• by Immerman (2627577)

        Think of it in strategy game terms: India and China are both destined to become major competitors of the US - we can't ethically stop them, but we don't have to help them either. Any slight delay is a long-term advantage, if only in allowing us to capture a little more territory before firm borders are established - physical or otherwise. In this case any research points they spend recreating our efforts are points they don't spend on developing technologies that may come to surpass ours.

        Maybe not the gre

      • by cyn1c77 (928549)

        Yeah so you could say that in a way, the US is slicing its own throat yet again by trying to bully other countries and deny them "access" to technology when they don't do as they are told. It's pretty arrogant to assume that said countries can never come up with technological advances on their own. But hey - thanks America! You're right, we DON'T need you anymore!

        Uh, how is the "US slicing its own throat" by not helping India?

        The Indians are obviously smart enough to figure it out themselves, why would they need assistance? It's better for national pride if they do it on their own and they might actually develop some new tech instead of copying old designs.

        Personally, I say more power to them. It's not the US and Russia's job to develop all of the world's space tech and then sell it to everyone else. And I respect them a hell of a lot more than other countries wh

        • by AHuxley (892839)
          India had the tech at a ready to build stage in this own labs by 1990 but seeing as they had the tech untested, they thought why not buy in a tested, launch ready system from Russia at the same time.
          They could then build their own over time while still getting a tested, known system from Russia.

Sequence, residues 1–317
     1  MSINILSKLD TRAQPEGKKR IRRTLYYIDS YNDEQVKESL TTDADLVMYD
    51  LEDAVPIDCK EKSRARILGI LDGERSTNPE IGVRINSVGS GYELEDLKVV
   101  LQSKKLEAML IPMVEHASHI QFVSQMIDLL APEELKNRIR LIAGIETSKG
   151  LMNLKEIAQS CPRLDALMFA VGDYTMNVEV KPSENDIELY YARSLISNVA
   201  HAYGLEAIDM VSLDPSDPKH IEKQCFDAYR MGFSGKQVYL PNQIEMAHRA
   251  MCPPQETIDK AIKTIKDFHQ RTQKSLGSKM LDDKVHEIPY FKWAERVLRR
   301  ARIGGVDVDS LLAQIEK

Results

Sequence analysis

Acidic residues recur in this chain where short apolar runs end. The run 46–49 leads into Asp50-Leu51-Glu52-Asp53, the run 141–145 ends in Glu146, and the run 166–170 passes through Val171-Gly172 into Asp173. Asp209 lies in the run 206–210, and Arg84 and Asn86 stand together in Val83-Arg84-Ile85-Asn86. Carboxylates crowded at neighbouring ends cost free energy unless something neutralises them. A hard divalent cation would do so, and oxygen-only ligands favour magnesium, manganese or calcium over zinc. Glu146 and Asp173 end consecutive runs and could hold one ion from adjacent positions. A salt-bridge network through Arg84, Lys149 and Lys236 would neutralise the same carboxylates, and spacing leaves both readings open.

• Tell that to Monsanto.
  • by Anonymous Coward on Sunday January 05, 2014 @09:47AM (#45870411)

    The United States prevented Russia from transferring cryogenic engine technology to India, so India had to develop this from scratch. And then there is the famous ISRO spy scandal which the CIA is believed to have orchestrated. The CIA is believed to have got top scientists working on the Indian cryogenic engine implicated in a scandal, thus slowing down the program. The supreme court of India recently exonerated the accused scientists of any wrongdoing.

    Please read these:

    http://www.rediff.com/news/column/who-killed-the-isros-cryogenic-engine/20131118.htm
    http://indrus.in/blogs/2013/11/09/cryogenic_countdown_how_the_gslv_became_indias_missile_impossible_30711.html

    • by bigfinger76 (2923613) on Sunday January 05, 2014 @09:58AM (#45870469)
      I can't believe the U.S. would do such a thing to the India.
      • by PPH (736903) on Sunday January 05, 2014 @11:44AM (#45871097)

        I can. As others have pointed out, cryogenic engines are of little military use. ICBMs use solid fuel to be able to launch on moments notice. So blocking this technology (meanwhile India went on to develop solid fuel missiles) was probably intended to protect the US commercial satellite business.

        • LOL. Until SpaceX, US has been out of the Commercial sat business for over a decade. Europe and Russia nuked us on that.
          SpaceX will bring all future launches to US, BUT, for the last 15 years, it has been nothing.

          IOW, no, that had no impact on our policy.
          • by PPH (736903)

            US has been out of the Commercial sat business for over a decade.

            But not for a lack of trying. That's the American way: Fuck with the competition instead of building a better product yourself.

            • Really? How did we try to fuck over the competition?
              • by PPH (736903)

                From the summary:

                United States prevented Russia from transferring the technology to the India in 1993.

                • India was NOT competition. We did not want some of OUR technology that Russia had to go to India. It would be like US giving information about RD-180 to your nation. Yes, part of Russia's tech for hydrolox comes from USA, not from themselves.

                  So, lets try again.
        • by erice (13380)

          I can. As others have pointed out, cryogenic engines are of little military use. ICBMs use solid fuel to be able to launch on moments notice. So blocking this technology (meanwhile India went on to develop solid fuel missiles) was probably intended to protect the US commercial satellite business.

          The first ICBM's used cryogenic fuels. Atlas [wikipedia.org] was vulnerable to a first strike but not considered useless. It took some time to create storable liquid fuels [wikipedia.org] and solids with intercontinental range [wikipedia.org] . No doubt these technologies were blocked too.